Age ranges. The publishers recommend the HarperCollins edition of French’s book and the Pienkowski standard edition for about ages 8 and up because of their King James texts. But because these are picture books, they may not appeal to strong chapter-book readers. Unless I knew a child’s reading level well, I might get them for ages 4–7 and help them with the text or let them grow into them. Nerlove’s book is book is for younger children, such as those who enjoy Goodnight Moon.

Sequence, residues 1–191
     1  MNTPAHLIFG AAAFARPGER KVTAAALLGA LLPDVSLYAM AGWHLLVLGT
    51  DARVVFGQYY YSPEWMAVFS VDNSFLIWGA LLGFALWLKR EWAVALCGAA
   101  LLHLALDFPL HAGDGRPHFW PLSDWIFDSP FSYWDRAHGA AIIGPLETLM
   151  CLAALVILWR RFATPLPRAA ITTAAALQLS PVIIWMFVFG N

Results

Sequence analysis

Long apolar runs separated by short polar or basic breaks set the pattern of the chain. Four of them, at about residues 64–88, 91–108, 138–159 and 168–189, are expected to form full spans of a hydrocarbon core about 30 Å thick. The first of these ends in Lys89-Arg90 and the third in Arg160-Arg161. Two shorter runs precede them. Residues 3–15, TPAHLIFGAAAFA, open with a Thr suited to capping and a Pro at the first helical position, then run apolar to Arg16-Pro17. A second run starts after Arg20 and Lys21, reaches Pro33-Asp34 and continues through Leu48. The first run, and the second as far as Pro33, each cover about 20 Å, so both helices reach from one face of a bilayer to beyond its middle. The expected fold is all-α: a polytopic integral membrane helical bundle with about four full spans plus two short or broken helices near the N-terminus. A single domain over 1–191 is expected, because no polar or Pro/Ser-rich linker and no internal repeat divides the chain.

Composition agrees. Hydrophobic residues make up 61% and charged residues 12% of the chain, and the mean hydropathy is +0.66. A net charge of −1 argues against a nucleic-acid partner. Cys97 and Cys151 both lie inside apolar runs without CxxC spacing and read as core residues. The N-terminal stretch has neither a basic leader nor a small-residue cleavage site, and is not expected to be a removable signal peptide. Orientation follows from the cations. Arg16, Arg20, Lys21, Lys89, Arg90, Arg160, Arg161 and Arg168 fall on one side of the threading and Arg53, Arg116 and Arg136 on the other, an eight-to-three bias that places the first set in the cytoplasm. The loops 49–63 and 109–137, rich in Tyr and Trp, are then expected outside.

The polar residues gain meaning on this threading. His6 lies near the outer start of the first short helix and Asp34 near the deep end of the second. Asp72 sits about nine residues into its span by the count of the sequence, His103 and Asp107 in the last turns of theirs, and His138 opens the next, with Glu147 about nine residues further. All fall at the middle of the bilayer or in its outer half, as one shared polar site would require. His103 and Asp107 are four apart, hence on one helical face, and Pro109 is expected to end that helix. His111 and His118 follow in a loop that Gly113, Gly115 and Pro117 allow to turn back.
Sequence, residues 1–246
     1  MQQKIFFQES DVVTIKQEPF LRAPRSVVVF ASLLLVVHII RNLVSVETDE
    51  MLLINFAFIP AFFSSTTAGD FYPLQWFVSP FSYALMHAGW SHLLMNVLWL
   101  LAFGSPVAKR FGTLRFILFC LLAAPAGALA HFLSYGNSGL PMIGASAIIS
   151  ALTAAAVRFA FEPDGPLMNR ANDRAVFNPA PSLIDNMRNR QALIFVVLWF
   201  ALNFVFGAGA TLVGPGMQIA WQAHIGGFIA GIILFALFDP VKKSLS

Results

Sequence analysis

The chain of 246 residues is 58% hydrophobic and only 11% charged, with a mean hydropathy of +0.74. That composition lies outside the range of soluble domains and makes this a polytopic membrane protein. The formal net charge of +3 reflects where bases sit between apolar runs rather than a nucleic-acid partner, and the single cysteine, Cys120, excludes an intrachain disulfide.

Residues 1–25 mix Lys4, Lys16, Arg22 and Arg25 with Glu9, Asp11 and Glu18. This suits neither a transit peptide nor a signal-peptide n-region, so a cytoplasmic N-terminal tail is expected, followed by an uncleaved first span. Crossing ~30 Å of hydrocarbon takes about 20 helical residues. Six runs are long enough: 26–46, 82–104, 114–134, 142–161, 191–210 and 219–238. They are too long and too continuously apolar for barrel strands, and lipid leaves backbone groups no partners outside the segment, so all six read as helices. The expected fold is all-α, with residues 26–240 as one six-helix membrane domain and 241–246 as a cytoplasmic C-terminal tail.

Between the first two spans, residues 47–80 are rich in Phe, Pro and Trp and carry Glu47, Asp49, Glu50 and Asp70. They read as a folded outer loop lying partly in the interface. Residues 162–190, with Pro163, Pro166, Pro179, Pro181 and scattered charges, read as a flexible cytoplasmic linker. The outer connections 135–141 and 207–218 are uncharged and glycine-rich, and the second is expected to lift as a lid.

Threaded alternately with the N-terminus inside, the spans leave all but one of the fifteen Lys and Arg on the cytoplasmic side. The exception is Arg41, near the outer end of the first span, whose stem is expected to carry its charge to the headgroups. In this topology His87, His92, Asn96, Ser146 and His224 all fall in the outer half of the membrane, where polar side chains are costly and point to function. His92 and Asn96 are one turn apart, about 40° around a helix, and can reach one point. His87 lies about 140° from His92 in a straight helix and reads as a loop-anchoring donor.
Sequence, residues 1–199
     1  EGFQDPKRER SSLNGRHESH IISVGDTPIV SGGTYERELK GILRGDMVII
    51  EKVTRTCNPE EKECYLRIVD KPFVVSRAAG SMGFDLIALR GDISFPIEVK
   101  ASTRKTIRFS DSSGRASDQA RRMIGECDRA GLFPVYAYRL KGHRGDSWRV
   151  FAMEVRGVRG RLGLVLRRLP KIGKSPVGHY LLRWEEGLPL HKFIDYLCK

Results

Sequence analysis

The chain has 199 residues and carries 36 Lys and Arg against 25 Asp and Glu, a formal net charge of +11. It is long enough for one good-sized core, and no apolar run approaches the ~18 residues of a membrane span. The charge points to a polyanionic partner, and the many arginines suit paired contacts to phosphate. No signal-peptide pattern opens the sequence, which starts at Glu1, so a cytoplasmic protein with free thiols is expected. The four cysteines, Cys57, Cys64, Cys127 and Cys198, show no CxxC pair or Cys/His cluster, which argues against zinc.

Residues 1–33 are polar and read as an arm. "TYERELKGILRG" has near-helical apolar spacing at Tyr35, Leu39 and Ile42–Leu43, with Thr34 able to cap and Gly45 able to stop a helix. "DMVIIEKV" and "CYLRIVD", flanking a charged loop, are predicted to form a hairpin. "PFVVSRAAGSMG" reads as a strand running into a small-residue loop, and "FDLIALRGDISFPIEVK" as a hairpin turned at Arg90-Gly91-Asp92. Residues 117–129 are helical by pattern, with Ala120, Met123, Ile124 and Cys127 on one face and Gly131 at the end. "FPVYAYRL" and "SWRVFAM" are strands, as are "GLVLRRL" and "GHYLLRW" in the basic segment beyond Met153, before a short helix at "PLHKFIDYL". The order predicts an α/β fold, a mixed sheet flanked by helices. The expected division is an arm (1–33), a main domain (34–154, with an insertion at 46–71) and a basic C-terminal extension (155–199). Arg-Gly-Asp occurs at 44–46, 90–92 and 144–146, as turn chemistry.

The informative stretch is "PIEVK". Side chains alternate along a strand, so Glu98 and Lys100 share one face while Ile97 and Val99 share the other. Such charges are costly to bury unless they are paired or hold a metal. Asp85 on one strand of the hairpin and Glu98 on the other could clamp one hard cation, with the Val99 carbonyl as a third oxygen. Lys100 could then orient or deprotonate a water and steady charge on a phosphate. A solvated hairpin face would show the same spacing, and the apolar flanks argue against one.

[Furthermore: Elizabeth Winthrop has written another KJV-based Easter story, He Is Risen: The Easter Story (Holiday House, $17.95), illustrated by Charles Mikolaycak. This book has much more text on each page than the other books in this review and illustrations that, although of high quality, are graphic. (The Easter lily on the cover is somewhat misleading about what's inside.) The scenes of Jesus's crucifixion may be the bloodiest in any picture book version of the Easter story. On one two-page spread, Jesus sprawls on the ground in a loincloth in obvious pain or sorrow with blood flowing from a nail the size of a railrod spike through his wrist. The crucifixion scene on the spread that follows it is no less dramatic. The illustrations on these pages are perhaps more realistic and historically accurate than those in other books. But they are so chilling and the text is so dense, this book would not suit most preschoolers and many young school-age children. He Is Risen is best for ages 9 and up, particularly those who have an understanding of what "crucifixion" means. The problem is that because this book has a picture book format, it may not appeal to 9-year-olds who prefer chapter books. So the audience is hard to define, which is why it doesn't appear on the "best books" list.]